10:00am I open Whatsapp and listen to a voice note a friend sent the day before. We were making plans to meet up, and find it easier to send each other voice notes to explain what days we can do and where we want to go et cetera. It’s much easier than calling someone or writing a long message; it’s more conversational than a text but less time consuming than a call. If you’re busy, you can open the voice note later. We talk on voice notes for about 25 minutes.
11:00am I tweet My hair takes so long to dry!! I then scroll through Twitter again, and reply to my friend on Snapchat. Three notifications come up on Twitter; two of my friends have retweeted my tweet and also retweeted my retweet about Nandos. Noon While getting ready to go out, I listen to music on Spotify. Sometimes I use YouTube to listen to music videos, as I often have to delete Spotify for storage.
12:45pm Watch makeup tutorials on YouTube. I also love to watch makeup and fashion gurus on YouTube. I’ve noticed how huge they’ve become, they’re now seen as celebrities for people my age. Reply to my friend’s voice note on WhatsApp and also my friend on Snapchat.
1pm I finish getting ready and take a selfie. I scroll through Instagram and ‘Like’ some new pictures uploaded from people I follow. Upload my selfie onto Instagram and close the app.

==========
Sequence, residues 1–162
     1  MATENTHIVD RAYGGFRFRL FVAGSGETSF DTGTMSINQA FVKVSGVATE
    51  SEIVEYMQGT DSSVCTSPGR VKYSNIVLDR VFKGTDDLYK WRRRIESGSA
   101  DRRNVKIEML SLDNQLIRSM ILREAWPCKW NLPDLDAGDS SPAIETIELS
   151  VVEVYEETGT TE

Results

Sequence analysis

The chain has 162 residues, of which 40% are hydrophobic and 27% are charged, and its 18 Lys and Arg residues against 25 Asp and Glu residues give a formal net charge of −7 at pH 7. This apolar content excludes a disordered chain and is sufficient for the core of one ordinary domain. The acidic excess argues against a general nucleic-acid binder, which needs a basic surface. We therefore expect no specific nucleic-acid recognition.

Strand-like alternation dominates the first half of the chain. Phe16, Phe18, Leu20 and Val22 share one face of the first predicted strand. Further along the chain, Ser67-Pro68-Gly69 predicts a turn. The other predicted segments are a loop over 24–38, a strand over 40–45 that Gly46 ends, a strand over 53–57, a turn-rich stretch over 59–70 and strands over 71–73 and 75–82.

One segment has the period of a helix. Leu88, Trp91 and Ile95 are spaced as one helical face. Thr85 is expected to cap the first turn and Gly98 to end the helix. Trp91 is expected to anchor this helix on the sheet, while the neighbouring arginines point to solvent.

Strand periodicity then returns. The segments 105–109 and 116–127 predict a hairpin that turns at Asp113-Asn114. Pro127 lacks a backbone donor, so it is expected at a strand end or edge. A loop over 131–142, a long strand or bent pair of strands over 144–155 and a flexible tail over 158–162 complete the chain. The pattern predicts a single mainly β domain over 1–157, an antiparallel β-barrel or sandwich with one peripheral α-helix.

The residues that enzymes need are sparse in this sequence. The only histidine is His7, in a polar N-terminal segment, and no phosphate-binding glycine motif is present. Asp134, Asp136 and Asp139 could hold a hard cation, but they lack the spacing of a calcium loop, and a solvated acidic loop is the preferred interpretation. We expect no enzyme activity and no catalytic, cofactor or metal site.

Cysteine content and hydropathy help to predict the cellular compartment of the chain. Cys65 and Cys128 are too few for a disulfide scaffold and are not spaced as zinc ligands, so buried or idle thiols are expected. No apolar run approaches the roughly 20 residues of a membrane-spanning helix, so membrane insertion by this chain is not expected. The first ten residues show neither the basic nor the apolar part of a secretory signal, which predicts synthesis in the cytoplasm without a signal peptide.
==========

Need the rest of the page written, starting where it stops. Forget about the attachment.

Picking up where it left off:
1:13pm I check back on Instagram to see if I’ve got any ‘Likes’. I continue doing this throughout the day, which takes about two to three minutes each time, although less frequently when I’m out. I reply to friends on WhatsApp and Snapchat, and also reply to comments on Instagram. I look on Facebook for about ten minutes. Personally, Facebook doesn’t appeal to me as much as the other apps. It’s less interesting and I don’t find myself clicking on the app very often.
8:00pm X Factor comes on. I use Twitter in between acts to see what people are saying about them. Most people tweet about the funnier acts, so I retweet those which I agree with.
8:22pm Upload a video onto my Snapchat Story of one of the acts on X Factor, captioned with a laughing face emoji.
9:00pm After X Factor, the main topic on Twitter seems to be about iOS10 (the new iPhone update). I only found out about the update through Twitter, which is why I find it to be so relevant and useful. Someone has retweeted a video of a person demonstrating the new iMessage tricks and the way iOS10 lets you change your messages et cetera. I quote this tweet, with the words Omg this is so cool!! I’m on Twitter for about 15 minutes.